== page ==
Legs Fell Asleep On the Toilet? You Made 2 Mistakes
Your time on the toilet is sacred. It’s an escape from the hustle and bustle when you can ponder life’s deepest questions, scroll mindlessly through TikTok, and everything in between. Unfortunately, Mother Nature has a way of reminding us that we can’t sit on the throne indefinitely: paresthesia.
That might sound terrifying, but it’s just a fancy scientific term for your legs and feet falling asleep.
When you lose track of time on the john, it’s common to feel a tingly “pins and needles” sensation in your lower extremities. This is a very common phenomenon, albeit an inconvenient one. So why exactly do your legs and feet go numb when you go number two?
Why Do Your Legs Fall Asleep on the Toilet?
Sitting and pooping may seem intuitive, but if your legs and feet fall asleep when you do your biz, you’re probably making these mistakes:
1. You’re Straining Too Hard
Pushing hard during a bowel movement puts pressure on your spinal column. This is called “intrathecal pressure.” The extra pressure can cause the discs in your spine to push against the spinal nerves, leading to numbness, weakness, or a tingling sensation in the feet and legs.
Needless to say, constipation and paresthesia go hand-in-hand.
2. Your Posture Isn’t Up to Par
Poor posture is the other common cause of legs falling asleep on the toilet. For example, hunching forward restricts blood flow to your pelvic nerves, which extend down your legs all the way to your toes. If that happens for more than 15 minutes, you might lose sensation in your legs or feet. It’s the same thing that happens when you fall asleep on your arm and wake up with numbness.
If you’re a particularly skinny guy, your feet are even more likely to fall asleep if you sit on the toilet for a long time. That’s because the blood vessels in your legs are cushioned by body fat, which prevents them from getting compressed when you sit. Less cushion means more nerve compression, hence your tingling toes.
Is It Bad If Your Legs Fall Asleep On the Toilet?
Temporary numbness in your legs or feet while sitting on the toilet is normal and doesn’t warrant medical attention. The sensation will go away in a few minutes after you move around and restore blood circulation in your legs.
If you experience persistent numbness, weakness, or burning sensation in your lower extremities, you may have a medical condition that requires treatment. These are a few issues that can decrease sensation in the legs or feet:
- Pinched nerve: pressure on a spinal nerve can cause chronic tingling, aches, or a burning sensation that radiates outward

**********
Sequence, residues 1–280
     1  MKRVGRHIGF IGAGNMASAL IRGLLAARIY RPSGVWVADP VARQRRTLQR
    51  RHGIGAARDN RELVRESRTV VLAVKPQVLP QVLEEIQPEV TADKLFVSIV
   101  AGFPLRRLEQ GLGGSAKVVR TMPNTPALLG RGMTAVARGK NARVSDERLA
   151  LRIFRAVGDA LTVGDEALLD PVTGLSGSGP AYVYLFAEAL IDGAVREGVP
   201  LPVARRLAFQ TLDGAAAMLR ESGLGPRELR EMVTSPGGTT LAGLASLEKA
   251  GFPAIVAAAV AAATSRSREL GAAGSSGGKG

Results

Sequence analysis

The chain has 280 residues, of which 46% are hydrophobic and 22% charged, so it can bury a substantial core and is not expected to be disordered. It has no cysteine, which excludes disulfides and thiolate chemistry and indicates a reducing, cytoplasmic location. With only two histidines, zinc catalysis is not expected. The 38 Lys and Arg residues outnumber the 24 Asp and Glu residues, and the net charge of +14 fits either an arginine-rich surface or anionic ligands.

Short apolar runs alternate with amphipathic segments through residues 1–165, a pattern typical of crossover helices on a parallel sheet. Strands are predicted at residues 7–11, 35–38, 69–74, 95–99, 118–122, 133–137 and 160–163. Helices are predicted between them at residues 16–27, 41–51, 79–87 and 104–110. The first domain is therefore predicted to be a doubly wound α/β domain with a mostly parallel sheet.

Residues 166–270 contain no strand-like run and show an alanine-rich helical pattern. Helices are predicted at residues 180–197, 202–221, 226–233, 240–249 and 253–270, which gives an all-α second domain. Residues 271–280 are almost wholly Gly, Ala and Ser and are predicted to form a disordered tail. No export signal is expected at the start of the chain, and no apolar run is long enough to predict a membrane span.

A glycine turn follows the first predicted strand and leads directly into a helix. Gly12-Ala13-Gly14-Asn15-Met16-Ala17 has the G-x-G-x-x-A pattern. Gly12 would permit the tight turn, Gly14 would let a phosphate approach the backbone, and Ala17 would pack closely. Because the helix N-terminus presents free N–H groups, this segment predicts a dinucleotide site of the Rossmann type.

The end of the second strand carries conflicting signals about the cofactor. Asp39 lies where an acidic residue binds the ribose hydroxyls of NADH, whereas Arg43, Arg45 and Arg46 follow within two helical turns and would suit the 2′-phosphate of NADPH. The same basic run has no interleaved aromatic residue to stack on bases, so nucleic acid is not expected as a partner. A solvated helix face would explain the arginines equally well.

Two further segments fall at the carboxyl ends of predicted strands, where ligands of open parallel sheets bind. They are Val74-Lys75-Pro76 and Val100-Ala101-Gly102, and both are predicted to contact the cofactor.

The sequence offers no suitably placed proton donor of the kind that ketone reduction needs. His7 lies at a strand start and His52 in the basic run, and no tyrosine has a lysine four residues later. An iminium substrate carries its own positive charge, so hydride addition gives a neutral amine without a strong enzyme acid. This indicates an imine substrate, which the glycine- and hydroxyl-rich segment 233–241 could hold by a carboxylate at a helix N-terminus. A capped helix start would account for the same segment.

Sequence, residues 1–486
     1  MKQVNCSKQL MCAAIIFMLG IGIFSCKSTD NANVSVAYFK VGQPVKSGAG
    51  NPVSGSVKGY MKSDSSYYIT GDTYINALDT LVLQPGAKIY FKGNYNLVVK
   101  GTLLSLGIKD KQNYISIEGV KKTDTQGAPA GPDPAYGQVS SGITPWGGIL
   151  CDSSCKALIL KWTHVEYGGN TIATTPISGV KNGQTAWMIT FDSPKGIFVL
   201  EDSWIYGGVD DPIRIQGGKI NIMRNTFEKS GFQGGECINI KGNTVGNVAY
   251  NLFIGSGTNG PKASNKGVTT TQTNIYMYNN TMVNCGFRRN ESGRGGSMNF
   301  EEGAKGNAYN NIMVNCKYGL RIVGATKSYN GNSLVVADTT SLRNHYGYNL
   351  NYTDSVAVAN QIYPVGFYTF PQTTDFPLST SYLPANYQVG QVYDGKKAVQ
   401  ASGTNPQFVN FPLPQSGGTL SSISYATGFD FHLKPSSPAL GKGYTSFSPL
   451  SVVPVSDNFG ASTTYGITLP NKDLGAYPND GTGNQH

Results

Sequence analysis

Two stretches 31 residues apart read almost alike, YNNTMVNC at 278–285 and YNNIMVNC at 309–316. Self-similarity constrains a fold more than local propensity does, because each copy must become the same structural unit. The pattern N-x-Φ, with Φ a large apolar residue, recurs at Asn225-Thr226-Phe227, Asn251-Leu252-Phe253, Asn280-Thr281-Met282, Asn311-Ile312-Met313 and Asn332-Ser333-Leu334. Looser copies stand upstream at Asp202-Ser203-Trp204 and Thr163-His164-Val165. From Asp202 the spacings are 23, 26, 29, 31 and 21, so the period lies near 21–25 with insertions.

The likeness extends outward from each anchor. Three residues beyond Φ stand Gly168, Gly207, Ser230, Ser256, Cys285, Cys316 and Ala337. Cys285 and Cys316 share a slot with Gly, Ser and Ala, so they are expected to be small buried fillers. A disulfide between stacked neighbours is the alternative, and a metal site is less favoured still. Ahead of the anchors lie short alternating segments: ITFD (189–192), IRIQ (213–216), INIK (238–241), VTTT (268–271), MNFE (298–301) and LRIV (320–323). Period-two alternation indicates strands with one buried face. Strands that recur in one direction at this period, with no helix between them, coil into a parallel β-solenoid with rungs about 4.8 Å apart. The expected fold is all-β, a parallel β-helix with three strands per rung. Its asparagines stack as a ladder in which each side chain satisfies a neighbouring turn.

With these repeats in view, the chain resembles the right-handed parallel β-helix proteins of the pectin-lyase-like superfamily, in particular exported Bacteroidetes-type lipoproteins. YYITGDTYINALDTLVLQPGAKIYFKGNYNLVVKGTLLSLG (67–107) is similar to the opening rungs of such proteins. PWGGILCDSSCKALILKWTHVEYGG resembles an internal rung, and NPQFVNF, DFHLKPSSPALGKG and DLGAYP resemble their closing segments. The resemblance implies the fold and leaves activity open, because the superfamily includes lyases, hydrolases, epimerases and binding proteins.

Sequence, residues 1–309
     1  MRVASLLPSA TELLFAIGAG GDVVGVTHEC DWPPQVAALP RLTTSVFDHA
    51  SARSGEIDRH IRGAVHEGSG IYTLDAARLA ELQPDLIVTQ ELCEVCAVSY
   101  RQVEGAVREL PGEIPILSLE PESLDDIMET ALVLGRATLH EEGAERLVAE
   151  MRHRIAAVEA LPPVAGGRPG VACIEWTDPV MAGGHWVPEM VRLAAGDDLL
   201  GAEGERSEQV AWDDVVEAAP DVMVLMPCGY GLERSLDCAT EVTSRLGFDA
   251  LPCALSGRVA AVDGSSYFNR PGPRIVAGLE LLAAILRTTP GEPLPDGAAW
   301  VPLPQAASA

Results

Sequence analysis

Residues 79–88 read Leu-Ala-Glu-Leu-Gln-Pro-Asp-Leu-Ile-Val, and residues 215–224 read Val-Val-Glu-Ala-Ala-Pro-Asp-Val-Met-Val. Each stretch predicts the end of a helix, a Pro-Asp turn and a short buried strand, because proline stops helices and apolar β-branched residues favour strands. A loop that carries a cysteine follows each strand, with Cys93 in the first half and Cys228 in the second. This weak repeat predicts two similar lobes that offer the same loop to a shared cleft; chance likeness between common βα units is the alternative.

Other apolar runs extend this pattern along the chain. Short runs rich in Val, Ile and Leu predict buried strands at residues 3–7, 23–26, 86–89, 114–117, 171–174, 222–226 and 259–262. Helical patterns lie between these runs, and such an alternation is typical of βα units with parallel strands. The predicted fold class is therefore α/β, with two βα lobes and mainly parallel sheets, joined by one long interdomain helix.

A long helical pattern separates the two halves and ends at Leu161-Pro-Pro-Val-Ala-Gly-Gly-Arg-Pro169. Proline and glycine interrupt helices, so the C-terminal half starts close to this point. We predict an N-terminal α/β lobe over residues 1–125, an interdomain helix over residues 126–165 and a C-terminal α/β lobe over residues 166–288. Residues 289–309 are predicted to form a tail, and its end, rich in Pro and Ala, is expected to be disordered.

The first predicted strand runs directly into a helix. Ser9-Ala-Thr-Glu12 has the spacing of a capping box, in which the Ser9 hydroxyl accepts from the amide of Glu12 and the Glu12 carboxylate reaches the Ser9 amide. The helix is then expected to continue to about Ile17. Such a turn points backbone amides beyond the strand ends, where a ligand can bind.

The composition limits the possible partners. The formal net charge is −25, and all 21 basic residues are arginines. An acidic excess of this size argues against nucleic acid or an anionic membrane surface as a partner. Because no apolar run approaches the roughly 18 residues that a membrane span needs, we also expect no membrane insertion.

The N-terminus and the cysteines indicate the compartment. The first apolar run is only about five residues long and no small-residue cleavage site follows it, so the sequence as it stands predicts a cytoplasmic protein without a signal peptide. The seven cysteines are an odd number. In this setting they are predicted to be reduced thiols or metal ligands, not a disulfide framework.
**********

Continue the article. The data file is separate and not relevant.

- Neuropathy: this refers to damage to nerves, leading to numbness, weakness, or tingling in the affected area
- Multiple Sclerosis: this disease which impacts the brain and nervous system has many symptoms, one of which is numbness in the arms and legs
Bottom line: if your legs and feet only feel weird when you’re on the toilet, you’re probably in the clear.
3 Hacks to Stop Your Legs From Falling Asleep On the Toilet
Don’t let pins and needles ruin an otherwise peaceful poo session. Follow these three tips to prevent your legs from falling asleep:
1. Shift Your Position Every Few Minutes
Changing positions prevents your blood flow from getting restricted. You don’t need to do anything crazy here, just shift your butt every few minutes, scoot around, or lift your legs—anything except sitting still for 10+ minutes.
2. Limit Your Poops to 15 Minutes
Straining and sitting for an extended period of time is a perfect storm for sleepy legs. If nothing comes out after 15 minutes, throw in the towel and try again later. In addition to putting stress on your spine, pushing too hard can cause hemorrhoids or tiny tears in your butt hole.
If you’re dealing with chronic constipation, try these exercises and make sure you’re consuming plenty of fiber and water to loosen up your stool.
3. Try a Toilet Cushion
A padded toilet seat or an “air doughnut” looks like a mini pool inflatable. It takes the pressure off your pelvic region while sitting and can improve blood flow to your legs. These are traditionally used to make sitting easier for people with tailbone injuries or sciatica, but nobody’s stopping you from using it to improve your daily deuce. You can grab one for about $15 on Amazon.
Make Pooping Pleasurable
Aside from your legs falling asleep on the toilet, there’s one thing that can ruin an otherwise peaceful bowel movement: toilet paper. This glorified sandpaper is notorious for causing chapped rears, not to mention it doesn’t clean your nether regions—it just smears the gunk around.
If you want to maximize your pleasure on the throne, follow the above tips to stop your legs from falling asleep—and most importantly, ditch your two-ply for a pack of flushable wipes. Your butt will thank you later.